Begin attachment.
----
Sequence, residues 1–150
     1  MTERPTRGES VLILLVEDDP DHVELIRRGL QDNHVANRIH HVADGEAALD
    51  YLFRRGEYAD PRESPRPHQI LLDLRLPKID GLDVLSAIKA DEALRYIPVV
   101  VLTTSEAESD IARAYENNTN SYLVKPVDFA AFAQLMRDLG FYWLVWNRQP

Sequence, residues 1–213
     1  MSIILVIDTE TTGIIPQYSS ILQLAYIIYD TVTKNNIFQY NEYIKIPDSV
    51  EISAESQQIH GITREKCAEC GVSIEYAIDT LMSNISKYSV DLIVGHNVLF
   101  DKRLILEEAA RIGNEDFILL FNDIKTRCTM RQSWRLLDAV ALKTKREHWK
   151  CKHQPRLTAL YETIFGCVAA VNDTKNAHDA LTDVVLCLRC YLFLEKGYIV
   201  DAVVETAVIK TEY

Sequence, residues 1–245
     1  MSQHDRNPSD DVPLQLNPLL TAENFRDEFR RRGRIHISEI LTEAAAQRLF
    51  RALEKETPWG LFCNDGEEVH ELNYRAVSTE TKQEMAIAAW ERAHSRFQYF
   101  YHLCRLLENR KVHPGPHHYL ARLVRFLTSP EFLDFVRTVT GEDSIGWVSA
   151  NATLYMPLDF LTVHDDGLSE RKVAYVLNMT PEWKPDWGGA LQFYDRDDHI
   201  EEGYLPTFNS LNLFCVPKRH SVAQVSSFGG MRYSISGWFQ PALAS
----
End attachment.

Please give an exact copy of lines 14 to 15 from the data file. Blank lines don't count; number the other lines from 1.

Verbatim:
   101  YHLCRLLENR KVHPGPHHYL ARLVRFLTSP EFLDFVRTVT GEDSIGWVSA
   151  NATLYMPLDF LTVHDDGLSE RKVAYVLNMT PEWKPDWGGA LQFYDRDDHI